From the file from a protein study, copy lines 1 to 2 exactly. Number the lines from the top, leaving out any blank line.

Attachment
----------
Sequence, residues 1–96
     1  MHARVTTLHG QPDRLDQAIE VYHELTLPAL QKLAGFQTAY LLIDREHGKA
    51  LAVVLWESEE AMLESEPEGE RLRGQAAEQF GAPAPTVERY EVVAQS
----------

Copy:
Sequence, residues 1–96
     1  MHARVTTLHG QPDRLDQAIE VYHELTLPAL QKLAGFQTAY LLIDREHGKA